#9 – If There Ever Was a Time
On the Canadian Top Singles Chart, “If There Ever Was a Time” became a number twenty-four hit for Lighthouse. Its debut in 1969 met with success that spiked the group’s popularity which began its roots in Toronto, Ontario that same year. Adding to the appeal of this song, as well as Lighthouse as a rock group was the mix of various styles such as classical and jazz into its musical repertoire. It was a formula that worked well as Ralph Cole and Skip Prokop introduced to the world a brand of rock music the audience hadn’t heard before.
“If There Ever Was a Time” started off as a jazzy gem with its opening piano performance before slipping into a contemporary rock performance that had no trouble wowing the audience. Vic “Pinky” Dauvin was the lead vocalist behind this classic gem before he was replaced in 1970.
#8 – Take It Slow (Out In the Country)
“Take It Slow (Out In the Country)” was a song Lighthouse single recorded and released in 1971 from the group’s fifth studio album, Thoughts of Movin’ On. On the Canadian Top Singles Chart, it became a number twelve hit, as well as a BMI Canada Limited Certificate of Honor award winner. It also became certified gold, thanks to the vocal performance of Bob McBride and the musical composition put together by Ralph Cole, Keith Jollimore, and Larry Smith.
This song, as well as the album, played an instrumental role in Lighthouse’s recognition as Canada’s Vocal Instrumental Group of the Year, as well as McBride’s award win for Outstanding Male Performance. As a song, McBride expressed the need to get away from the noise of the city in a quest to venture out to the country. If you’re looking for a pick-me-up classic, “Take It Slow” would make a great choice.
#7 – I Just Wanna Be Your Friend
From Lighthouse’s fifth studio album, Thoughts of Movin’ On, “I Just Wanna Be Your Friend” was one of three singles to become a hit on the Canadian Top Singles Chart. It peaked as high as number fifty-four as a modest hit. In 1972, Bob McBride and Skip Prokop received a BMI Canada Limited Certificate of Honor for a single that became one of Lighthouse’s most popular songs. This one came from the group’s fifth studio album, Thoughts of Movin’ On, which was released in 1971.
Throughout the majority of Lighthouse’s career as a recording artist, what made the group from Ontario so appealing was the jazzy, orchestra-style performance by a talented group of musicians who never seemed to hold anything back. McBride sang about the preference to be a friend instead of a love interest and was beautifully backed by the supporting vocals of Prokop and the instrumental performances from Ralph Cole, Paul Hoffert, and the rest of the Lighthouse crew.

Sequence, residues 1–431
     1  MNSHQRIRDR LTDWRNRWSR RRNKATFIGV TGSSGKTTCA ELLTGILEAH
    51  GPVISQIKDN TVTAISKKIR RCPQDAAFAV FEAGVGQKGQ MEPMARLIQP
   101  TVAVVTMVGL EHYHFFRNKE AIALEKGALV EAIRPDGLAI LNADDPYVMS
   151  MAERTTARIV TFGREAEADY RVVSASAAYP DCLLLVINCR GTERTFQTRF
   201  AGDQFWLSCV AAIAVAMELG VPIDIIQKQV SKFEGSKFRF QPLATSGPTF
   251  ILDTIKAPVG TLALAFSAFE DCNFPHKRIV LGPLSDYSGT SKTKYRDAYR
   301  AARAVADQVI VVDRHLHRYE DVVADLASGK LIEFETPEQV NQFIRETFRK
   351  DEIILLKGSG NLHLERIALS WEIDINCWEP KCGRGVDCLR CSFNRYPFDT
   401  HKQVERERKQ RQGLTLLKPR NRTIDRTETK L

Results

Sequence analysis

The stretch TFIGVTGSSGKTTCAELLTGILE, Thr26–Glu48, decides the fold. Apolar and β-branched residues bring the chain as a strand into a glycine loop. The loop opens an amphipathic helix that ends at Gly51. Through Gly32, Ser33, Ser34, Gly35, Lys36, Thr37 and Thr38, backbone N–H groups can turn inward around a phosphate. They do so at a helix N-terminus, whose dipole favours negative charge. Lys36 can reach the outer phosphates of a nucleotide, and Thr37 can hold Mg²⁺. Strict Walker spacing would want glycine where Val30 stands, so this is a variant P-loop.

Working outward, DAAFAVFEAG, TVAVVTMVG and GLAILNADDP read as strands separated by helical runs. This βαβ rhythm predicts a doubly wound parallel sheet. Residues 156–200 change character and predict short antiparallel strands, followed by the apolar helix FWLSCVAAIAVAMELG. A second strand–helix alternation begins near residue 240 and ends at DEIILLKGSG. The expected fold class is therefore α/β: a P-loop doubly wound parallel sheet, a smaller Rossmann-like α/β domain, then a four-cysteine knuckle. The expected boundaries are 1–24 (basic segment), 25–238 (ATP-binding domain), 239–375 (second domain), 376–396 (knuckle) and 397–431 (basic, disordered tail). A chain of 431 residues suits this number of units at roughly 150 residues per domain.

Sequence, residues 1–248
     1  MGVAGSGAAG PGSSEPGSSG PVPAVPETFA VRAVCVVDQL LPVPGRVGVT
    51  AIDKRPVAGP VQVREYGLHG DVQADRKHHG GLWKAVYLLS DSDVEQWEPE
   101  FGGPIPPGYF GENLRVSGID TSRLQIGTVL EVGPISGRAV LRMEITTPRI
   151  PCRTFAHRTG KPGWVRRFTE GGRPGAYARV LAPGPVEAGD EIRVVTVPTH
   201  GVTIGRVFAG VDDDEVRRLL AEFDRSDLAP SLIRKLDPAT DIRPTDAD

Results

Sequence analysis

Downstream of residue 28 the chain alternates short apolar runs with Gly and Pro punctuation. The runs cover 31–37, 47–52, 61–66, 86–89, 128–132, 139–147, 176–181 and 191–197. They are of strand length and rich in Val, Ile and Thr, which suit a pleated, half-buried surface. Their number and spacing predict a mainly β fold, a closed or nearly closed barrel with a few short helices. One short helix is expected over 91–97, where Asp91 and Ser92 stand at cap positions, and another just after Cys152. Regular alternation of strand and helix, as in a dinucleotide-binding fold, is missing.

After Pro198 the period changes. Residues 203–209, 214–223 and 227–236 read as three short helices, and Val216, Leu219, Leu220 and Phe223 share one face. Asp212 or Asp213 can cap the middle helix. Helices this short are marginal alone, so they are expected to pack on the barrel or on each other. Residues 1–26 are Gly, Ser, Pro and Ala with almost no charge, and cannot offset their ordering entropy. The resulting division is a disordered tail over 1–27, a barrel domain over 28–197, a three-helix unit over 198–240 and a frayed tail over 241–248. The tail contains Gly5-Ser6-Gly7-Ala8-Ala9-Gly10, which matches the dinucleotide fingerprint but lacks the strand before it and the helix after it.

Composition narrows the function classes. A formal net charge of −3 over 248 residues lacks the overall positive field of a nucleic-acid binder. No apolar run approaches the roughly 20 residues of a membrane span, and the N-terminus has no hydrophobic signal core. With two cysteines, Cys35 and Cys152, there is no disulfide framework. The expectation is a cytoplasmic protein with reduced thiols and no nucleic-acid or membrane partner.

#6 – Reincarnate Nation
Unfortunately for Lighthouse, 1974 marked a year where this fantastic Canadian-based rock band had begun to play second fiddle to the surging popularity of disco music. Good Day marked the final album release of Lighthouse before Skip Prokop moved on to pursue other musical projects. “Reincarnate Nation,” although not released as a single, was an instrumental masterpiece. Up until now, Prokop primarily served as the group’s drummer. He switched instruments to play the guitar full-time and was replaced by another incredibly talented drummer, Billy King.
The album itself had Ralph Cole and Skip Prokop split the role of lead vocalist now that Bob McBride was no longer part of the lineup. While “Got A Feeling” was no doubt another Good Day classic from Lighthouse, “Reincarnate Nation” marked the perfect closer to the wild ride of a rock group that won so many fans nationally and internationally. It also served as a beacon of light, so to speak that not even the trend of disco music at the time would be enough to snuff out one of the most creative and talented musical groups of all time.
#5 – Hats Off (To the Stranger)
“Hats Off to the Stranger” was a single released as a follow-up behind Lighthouse’s biggest hit to date, “One Fine Morning.” This 1971 hit peaked as high as number nine on the Canadian Top Singles Chart, making it the second single in a row for the Ontario-based rock group to experience a top-ten hit in its home nation. This gem of a song beautifully fused what makes jazz so appealing with a rock sound that made “Hats Off” one of the best and most unique ever recorded.
The talent pool of Lighthouse seemed to really be at its best with this classic as Bob McBride demonstrated why he was one of the music industry’s best lead vocalists at the time. As an album, One Fine Morning deservedly became certified platinum by Music Canada as songs like “Hats Off” not only won over Lighthouses’s Canadian fan base but worldwide as well. Bob McBride, Peter McGraw, and Skip Prokop worked together on this song’s wonderful musical composition and lyrics. Listening to “Hats Off” was a great feel-good song that could easily pass as an uplifting spiritual experience.